State Rep. Kevin Brooks delivered an inspiring talk and brought well-wishes from Tennessee Gov. Bill Haslam to Thursday morning's Pearl Harbor Day Remembrance ceremony at the Cleveland Elks Lodge.Not …
State Rep. Kevin Brooks delivered an inspiring talk and brought well-wishes from Tennessee Gov. Bill Haslam to Thursday morning's Pearl Harbor Day Remembrance ceremony at the Cleveland Elks Lodge.
Not only did the two state officials wish the rare local program well, but they extended a heart-felt tribute to Cleveland's George Allen, thought to be the only living Pearl Harbor survivor in Southeast Tennessee.
Allen's daughter, Janet Allen, president of the American Legion Auxiliary Unit 81, was emotional as she witnessed the tributes to her father, who remains spry at 95 years of age.
The local chapter of the Sons of the American Revolution now sponsors the annual Pearl Harbor Day program, and former SAR President Randall Higgins served as emcee.
Higgins pointed out the local ceremony is one of a very few across the nation connected with the Pearl Harbor anniversary, outside of Hawaii.
A major reason for the decline of such ceremonies is the dwindling number of World War II veterans, especially Pearl Harbor survivors.
Brooks opened with the fact he is not only a state representative, but "a fellow compatriot of the Sons of the American Revolution, a proud member of the Civil Air Patrol, a proud husband, father of two children, a proud neighbor, and a friend to all of you (veterans) here today."
Brooks was introduced as a friend to veterans in Nashville, and a participant in considerable legislation assisting and regarding Bradley County's veterans. He has been a big backer of the yet-to-be-built Bradley County Veterans Home.
"Today, we pause to remember the thousands of enlisted men and many others who lost their lives on this fateful day, 76 years ago," said Brooks.
"Sadly, many young American do not remember the Japanese attack on Dec. 7, 1941 ... but every living American knows the feeling of loss we felt when we were again suddenly and deliberately attacked on Sept. 11, 2001," the state representative added.
"The feeling of loss, or remorse and fear, are all very real emotions," he said. "They are just as real as the feelings of patriotism, and of God and of country. Today, we pause to honor those who gave their lives for our country some 76 years ago."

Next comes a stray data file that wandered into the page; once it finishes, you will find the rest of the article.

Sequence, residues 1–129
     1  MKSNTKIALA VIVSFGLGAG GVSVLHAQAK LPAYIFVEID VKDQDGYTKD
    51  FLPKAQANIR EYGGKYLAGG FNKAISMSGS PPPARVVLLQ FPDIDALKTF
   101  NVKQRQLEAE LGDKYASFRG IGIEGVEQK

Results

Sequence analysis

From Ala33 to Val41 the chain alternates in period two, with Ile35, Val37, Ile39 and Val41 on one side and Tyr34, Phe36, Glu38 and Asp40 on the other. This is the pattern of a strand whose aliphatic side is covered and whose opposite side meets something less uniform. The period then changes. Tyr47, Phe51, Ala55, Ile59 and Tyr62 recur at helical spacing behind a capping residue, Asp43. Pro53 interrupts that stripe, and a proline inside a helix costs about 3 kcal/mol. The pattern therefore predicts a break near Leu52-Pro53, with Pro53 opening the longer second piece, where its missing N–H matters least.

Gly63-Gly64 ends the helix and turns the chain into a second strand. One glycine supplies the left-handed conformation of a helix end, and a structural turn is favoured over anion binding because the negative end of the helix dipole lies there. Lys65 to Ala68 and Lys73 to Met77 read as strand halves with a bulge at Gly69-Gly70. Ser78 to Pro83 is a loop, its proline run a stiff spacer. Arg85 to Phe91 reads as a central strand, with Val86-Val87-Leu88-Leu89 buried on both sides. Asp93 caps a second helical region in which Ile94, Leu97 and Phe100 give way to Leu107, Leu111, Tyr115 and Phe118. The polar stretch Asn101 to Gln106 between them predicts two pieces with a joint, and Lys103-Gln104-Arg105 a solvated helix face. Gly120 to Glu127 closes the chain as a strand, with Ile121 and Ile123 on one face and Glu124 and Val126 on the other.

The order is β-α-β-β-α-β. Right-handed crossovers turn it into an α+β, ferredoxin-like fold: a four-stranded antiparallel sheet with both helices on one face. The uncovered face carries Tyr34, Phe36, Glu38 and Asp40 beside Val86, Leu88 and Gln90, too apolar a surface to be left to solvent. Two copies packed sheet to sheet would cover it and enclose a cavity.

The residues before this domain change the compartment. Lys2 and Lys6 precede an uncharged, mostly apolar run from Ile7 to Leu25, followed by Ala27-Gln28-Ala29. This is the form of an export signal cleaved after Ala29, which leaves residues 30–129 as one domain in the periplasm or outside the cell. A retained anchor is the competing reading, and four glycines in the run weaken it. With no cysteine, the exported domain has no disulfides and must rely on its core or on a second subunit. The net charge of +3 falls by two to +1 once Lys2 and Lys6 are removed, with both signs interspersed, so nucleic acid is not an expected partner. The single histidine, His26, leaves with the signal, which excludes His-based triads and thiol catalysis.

Brooks also paid tribute to those who are serving in the military today.
"Thousands of men and women stand ready and willing to lay down their lives for all Americans, to defend the freedom we so easily take for granted."
He said two of his nephews are among those who are currently serving our country in the military, Devin Sanders of the U.S. Marines, and David Sanders of the U.S. Army.
"On this day, and every day, we should stop and thank a veteran," Brooks added. "We should thank them for the freedoms we enjoy. Our freedom, our democracy, and our very way of life is truly fragile, and is always vigilantly defended by our military."
"As I stand here this morning and look across this room filled with The Greatest Generation, I am filled with awe, and respect, but also filled with fear," Brooks continued.
"I stand here in fear that one day these great men, and women, the heroes of our past, will be forgotten. I fear their sacrifices will be in vain," Brooks said.
"I fear that our children, and our children's children, may one day forget the ultimate sacrifices that were given for our freedom — freedom which is never free," Brooks added. "Let us never forget what the thousands of brave men and women sacrificed to give us Pearl Harbor Day, and all the way to this Day."
"Bring your children, tell your children, and remind your children of the sacrifices that are represented here today," he said.
He closed his talk by urging those in attendance to teach their children, and to train them well. He added the words of a speech by former President Ronald Reagan:
"Freedom is never more than one generation away from extinction. We didn't pass it on to our children in the bloodstream. It must be fought for, protected, and handed on for them to do the same, or one day we will spend our sunset years telling our children and our children's children what it was once like in the United States, where men were free."
Cleveland Mayor Tom Rowland and Bradley County Mayor D. Gary Davis attended Thursday's program, with Rowland providing the invocation and benediction.
The Bradley Central High School Junior ROTC posted the colors, with several students asking to meet Pearl Harbor survivor Allen. The Bradley County Funeral Honor Guard provided a 21-gun salute outside the Elks Lodge at the end of the program.
SAR Commander John Clines placed the ceremonial wreath at the start of the program, while Bradley County Veterans Affairs Office Joe Davis informed those in attendance of a project to honor for POW Bill Norwood with a monument at downtown Cleveland's 1st Street Square.
Davis also informed the veterans that Norwood, instrumental in founding the Pearl Harbor Day program, is in poor health and is currently hospitalized.
One of the highlights of the ceremony, in addition to Brooks' speech, was when Allen conducted a candle-lighting ceremony in remembrance of all those who were killed or wounded at Pearl Harbor. He was assisted by his daughter.
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